The Robotics team smashed all opponents at a recent qualifying round, guaranteeing them a spot at the State Championships. Because the team, self-christened the “Bossbots,” won every match and placed highest at their qualifier in Fremont, they are not required to compete again until the State competition in late February.
The Bossbots, though, are not spending those months idly and, despite their recent victory, are planning to improve their vehicle further. “It’s not good enough,” said senior Sammie Wang.
Although the team has a good chance at state, “it’s not assured.” That’s why the team is redesigning key components on their vehicle. Although they are not required, the team plans to attend three or four other qualifiers to test out their new designs.
The robotics team works on the same technical challenge presented to all teams nationally. The problem changes every year; this year, the robot’s challenge is to collect raquetballs off a 12X12 foot field, place the balls in crates, and raise the crates as high as possible. The robots are required to act autonomously for the first 30 seconds of the challenge, and are then allowed to be guided via remote control.
Each team is allied with a robotics squad from another school. The pair then competes against another set of allies. At lower levels of competition, the pairings are random, but as the team advances they choose which teams they want to be paired with.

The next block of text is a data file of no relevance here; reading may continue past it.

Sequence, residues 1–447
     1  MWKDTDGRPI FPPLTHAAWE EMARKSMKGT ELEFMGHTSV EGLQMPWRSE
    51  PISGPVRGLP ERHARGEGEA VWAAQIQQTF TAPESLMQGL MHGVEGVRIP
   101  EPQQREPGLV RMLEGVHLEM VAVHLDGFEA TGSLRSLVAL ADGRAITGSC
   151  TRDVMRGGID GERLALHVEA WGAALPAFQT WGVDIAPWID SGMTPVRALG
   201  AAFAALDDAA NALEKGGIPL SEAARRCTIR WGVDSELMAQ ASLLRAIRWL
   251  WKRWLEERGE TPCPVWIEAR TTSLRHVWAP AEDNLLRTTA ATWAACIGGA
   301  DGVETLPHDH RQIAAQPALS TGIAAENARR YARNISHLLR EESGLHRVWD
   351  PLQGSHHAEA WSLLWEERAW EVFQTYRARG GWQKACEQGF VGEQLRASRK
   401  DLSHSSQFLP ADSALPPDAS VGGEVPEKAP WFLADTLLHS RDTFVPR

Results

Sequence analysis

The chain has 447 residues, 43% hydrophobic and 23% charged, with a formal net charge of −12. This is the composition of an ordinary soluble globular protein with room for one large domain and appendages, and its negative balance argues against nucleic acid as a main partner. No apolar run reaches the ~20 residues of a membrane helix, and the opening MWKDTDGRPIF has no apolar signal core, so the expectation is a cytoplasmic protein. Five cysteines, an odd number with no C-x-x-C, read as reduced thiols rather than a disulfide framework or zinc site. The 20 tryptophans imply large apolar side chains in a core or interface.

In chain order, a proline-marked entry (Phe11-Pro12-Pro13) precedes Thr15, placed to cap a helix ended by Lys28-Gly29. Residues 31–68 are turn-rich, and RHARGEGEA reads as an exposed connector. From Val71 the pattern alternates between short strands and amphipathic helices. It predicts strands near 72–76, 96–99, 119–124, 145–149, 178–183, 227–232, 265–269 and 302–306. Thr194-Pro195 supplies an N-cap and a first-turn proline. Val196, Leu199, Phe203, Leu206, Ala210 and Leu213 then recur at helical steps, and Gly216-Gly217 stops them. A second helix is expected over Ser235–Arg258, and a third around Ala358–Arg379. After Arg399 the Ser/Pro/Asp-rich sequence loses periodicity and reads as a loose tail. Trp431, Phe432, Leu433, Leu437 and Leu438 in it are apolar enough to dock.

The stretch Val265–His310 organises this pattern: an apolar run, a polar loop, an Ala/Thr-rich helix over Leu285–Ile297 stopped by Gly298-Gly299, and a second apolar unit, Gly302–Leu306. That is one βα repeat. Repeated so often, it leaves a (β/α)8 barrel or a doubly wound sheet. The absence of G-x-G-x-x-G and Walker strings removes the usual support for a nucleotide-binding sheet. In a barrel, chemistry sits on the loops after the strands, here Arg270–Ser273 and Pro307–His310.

The core of Campolindo’s team is made up of Seniors Max Lamb, Maks Tsvetskoff, Sammy Wang, and Ryan Smoklin, and Junior Mira Madra.
In addition to preparing their own vehicles, the members are instructing students new to the Robotics Club who are not on the Bossbots squad. Their instructions includes more than just technical aspects of robotics. “There actually is a code of conduct really specific on sportsmanlike conduct,” said Wang. Because the program “is meant to bring robotics to underperforming and underprivileged schools,” there’s a spirit of cooperation at events, even between competing teams.
Several freshman in the Robotics club came to the recent qualifier just to watch, because the seniors want to “ease them into next year” said Wang.
There’s a lot to ease in to. Competition starts at 8:30am with a check-in of the vehicle, an inspection of an engineering notebook with explanations of the vehicle, and a team interview with judges. Only then do team members go to the Pit area, where they rest with other teams and prepare their robots for competition.